In some ways, these kinds of ephemeral interventions can have a more lasting impact than a permanent sculpture or statue. “When we walk the same routes every day, things inevitably fade into the background,” says Greg McNamara, who curated the Lynn Chadwick exhibition in Central. He partnered with property owner Hongkong Land for the show. “Working with the government was not on the radar,” he says, because it would have been such a long, slow and bureaucratic process. (Event Horizon took several years to gain approval from the authorities.) At the same time, he was wary of Chadwick’s works becoming “shopping mall decoration,” which is why he is organising a series of daily guided tours for the public.

Vhil's tram waddling on line 170

Vhils’ tram installation

For Debris, Portuguese artist Vhils worked with Hongkong Tramways to transform one tram into a roving artwork. “It’s not only a public art piece, it’s subverting the idea of advertising space and linking together different neighbourhoods,” says curator Lauren Every-Wortman. The tram’s round-trip journey from Kennedy Town to Shau Kei Wan and back will take about three hours, meaning that it will pass by any given spot about five or six times a day. In many parts of town, it will be the only public art around.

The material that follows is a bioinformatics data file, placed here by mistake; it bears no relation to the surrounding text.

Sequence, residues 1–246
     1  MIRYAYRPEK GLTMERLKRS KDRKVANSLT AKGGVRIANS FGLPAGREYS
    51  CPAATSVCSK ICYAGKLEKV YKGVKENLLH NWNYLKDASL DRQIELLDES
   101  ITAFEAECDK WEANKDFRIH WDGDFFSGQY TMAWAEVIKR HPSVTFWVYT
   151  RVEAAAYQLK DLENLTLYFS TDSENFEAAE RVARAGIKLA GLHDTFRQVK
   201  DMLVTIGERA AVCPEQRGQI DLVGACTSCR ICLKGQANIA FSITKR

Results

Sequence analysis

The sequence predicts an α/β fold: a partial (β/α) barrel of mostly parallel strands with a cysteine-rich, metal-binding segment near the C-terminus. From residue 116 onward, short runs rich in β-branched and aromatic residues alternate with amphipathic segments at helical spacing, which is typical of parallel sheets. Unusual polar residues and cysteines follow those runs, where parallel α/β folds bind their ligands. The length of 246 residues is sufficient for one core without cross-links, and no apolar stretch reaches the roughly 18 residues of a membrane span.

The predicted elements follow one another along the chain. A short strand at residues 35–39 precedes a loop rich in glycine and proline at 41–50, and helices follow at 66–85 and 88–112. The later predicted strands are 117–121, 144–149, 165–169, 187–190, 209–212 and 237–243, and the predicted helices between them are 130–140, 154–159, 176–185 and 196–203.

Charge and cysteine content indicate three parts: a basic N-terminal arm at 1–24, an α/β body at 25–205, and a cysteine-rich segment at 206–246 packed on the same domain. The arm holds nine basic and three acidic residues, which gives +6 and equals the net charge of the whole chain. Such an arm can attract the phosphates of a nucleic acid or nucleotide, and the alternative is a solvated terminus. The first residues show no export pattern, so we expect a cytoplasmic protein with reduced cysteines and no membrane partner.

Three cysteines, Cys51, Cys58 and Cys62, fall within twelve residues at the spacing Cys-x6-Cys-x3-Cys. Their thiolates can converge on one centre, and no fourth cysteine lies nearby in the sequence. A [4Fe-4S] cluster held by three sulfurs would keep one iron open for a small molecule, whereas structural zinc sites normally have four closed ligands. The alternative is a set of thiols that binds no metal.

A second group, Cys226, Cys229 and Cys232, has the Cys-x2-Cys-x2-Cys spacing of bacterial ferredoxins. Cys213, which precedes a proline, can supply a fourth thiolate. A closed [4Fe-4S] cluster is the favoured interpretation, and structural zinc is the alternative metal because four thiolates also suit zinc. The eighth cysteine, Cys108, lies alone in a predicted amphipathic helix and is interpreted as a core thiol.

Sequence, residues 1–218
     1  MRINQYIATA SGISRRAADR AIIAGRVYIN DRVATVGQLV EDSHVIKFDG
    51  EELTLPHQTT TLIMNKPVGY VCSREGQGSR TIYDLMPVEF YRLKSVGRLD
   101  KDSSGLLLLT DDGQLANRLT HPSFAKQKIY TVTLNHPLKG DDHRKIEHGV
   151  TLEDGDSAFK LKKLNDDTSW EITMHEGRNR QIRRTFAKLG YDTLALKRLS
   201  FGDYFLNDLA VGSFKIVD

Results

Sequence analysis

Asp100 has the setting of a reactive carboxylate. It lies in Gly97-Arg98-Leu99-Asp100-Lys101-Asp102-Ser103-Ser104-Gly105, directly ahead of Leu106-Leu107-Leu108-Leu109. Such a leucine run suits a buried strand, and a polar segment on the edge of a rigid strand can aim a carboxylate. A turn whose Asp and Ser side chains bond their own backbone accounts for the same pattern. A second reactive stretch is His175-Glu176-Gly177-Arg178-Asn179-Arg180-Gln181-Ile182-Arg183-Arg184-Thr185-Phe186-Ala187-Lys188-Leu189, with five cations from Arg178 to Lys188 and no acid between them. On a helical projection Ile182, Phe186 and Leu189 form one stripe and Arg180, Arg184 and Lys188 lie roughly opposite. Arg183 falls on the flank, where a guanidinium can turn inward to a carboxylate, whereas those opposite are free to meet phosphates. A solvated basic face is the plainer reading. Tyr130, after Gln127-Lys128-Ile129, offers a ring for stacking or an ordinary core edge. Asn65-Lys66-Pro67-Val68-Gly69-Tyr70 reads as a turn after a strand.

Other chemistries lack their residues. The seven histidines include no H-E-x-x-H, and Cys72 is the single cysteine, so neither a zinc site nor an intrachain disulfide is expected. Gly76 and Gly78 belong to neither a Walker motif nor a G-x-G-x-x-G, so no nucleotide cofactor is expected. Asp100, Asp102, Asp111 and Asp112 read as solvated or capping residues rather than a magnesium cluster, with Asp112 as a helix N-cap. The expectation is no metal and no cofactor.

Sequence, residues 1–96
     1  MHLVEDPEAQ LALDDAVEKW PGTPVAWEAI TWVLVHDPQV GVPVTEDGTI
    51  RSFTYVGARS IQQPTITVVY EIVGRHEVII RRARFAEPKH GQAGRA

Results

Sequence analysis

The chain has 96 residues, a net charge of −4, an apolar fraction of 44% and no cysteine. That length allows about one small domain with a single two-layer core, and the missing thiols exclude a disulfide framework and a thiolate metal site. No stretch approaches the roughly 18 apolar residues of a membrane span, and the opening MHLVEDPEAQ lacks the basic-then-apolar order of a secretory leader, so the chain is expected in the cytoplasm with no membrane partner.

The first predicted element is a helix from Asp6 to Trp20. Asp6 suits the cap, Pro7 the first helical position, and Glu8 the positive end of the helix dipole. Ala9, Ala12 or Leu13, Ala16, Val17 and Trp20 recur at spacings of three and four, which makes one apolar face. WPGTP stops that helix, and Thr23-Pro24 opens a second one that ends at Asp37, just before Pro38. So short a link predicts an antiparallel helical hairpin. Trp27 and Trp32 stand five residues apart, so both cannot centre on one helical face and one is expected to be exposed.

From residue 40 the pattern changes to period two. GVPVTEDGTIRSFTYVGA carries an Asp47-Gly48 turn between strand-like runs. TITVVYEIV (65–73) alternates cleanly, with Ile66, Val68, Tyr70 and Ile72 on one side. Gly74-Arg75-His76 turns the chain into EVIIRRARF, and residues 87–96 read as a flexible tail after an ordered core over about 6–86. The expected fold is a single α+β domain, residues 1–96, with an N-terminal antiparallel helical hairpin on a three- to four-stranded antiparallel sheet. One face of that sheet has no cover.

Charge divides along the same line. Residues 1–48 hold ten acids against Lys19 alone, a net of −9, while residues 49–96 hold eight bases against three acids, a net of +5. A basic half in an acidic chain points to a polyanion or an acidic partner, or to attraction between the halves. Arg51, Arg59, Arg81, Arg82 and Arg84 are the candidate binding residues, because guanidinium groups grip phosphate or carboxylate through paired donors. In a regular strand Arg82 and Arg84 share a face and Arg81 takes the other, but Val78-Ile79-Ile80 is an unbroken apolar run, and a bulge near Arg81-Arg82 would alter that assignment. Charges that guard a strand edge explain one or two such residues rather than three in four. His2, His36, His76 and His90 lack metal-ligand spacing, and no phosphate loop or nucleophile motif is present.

For all its controversy, Every-Wortman credits Event Horizon with changing the discourse around public art in Hong Kong. “When it runs its course, people will be expecting new things to happen,” she says. “People are a lot more empowered by it. That’s why it’s important to make any sort of public art more visible – like on the sidewalk instead of tucked into Hong Kong Park,” she says. Even if it means confusing the Highways Department.

Debris runs from 22 March to 4 April, 2016, at Central Ferry Pier 4. For more information click here.

Antony Gormley’s Event Horizon runs until 18 May 2016 in Central and Admiralty. For more information click here.

Lynn Chadwick’s public sculptures can be seen around Central until 15 April 2016.
For more information click here.

Time Waterfall by Tatsuo Miyajimaon will run on the ICC from 21 March to 26 March 2016. For more information click here.